All Saints', Margaret Street, London

This church, tucked away near Oxford Street, is the very epitome of “High Victorian”. It is considered to be the masterpiece of the architect William Butterfield and was completed in 1859. The style is the apogee of the Gothic Revival style that had been building in British architecture since Strawberry Hill was built by Robert Walpole a hundred years before.

Anyone familiar with the style of St Pancras Station will recognise this architecture – no curlicue left uncurled and no pediment left unadornished. The building has been described as “a savage masterpiece” and “an orgasm” – which is pretty strong language when talking about a church.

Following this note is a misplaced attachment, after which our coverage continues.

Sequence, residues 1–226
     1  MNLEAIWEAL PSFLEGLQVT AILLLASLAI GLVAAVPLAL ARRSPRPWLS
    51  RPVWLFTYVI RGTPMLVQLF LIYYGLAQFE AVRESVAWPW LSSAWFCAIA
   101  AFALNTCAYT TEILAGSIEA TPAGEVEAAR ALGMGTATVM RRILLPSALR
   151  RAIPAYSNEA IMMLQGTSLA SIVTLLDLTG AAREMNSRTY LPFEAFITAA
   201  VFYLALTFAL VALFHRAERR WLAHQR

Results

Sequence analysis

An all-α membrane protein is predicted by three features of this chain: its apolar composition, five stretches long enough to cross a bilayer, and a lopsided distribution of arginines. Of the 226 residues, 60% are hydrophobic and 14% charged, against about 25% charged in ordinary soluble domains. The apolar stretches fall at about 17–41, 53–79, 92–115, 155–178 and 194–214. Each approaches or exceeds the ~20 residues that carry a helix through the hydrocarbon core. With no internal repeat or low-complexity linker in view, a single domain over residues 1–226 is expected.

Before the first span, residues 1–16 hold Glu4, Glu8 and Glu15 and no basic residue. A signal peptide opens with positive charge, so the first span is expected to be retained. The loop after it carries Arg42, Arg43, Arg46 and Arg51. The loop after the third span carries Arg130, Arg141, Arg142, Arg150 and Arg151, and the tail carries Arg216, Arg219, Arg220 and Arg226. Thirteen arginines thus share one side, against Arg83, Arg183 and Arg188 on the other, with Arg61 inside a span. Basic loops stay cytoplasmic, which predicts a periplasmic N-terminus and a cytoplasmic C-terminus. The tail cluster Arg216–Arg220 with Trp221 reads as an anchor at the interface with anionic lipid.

Depending on your taste in architecture this is all rather overwrought, or a magnificent gilded confection. The interiors feature a lot of work by the ultimate Victorian church artist, Ninian Comper, which again is something you either like or dislike.

If you’re into Victorian architecture than All Saints is definitely worth a visit, and if nothing else it provides a tiny respite from the chaos of the West End which is all around you.

Photo - Andrew J. Müller

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